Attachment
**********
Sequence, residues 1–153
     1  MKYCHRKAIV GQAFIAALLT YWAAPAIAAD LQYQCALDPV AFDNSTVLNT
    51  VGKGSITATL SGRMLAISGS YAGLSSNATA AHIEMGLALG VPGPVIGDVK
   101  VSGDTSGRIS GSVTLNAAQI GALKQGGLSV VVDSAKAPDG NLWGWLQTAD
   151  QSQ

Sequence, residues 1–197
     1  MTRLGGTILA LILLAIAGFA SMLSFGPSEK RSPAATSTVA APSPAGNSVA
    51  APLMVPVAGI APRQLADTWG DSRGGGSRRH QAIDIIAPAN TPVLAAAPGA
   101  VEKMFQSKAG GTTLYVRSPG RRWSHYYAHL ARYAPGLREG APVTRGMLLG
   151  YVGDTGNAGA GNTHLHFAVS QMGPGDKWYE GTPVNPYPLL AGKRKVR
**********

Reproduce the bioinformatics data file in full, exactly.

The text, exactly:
Sequence, residues 1–153
     1  MKYCHRKAIV GQAFIAALLT YWAAPAIAAD LQYQCALDPV AFDNSTVLNT
    51  VGKGSITATL SGRMLAISGS YAGLSSNATA AHIEMGLALG VPGPVIGDVK
   101  VSGDTSGRIS GSVTLNAAQI GALKQGGLSV VVDSAKAPDG NLWGWLQTAD
   151  QSQ

Sequence, residues 1–197
     1  MTRLGGTILA LILLAIAGFA SMLSFGPSEK RSPAATSTVA APSPAGNSVA
    51  APLMVPVAGI APRQLADTWG DSRGGGSRRH QAIDIIAPAN TPVLAAAPGA
   101  VEKMFQSKAG GTTLYVRSPG RRWSHYYAHL ARYAPGLREG APVTRGMLLG
   151  YVGDTGNAGA GNTHLHFAVS QMGPGDKWYE GTPVNPYPLL AGKRKVR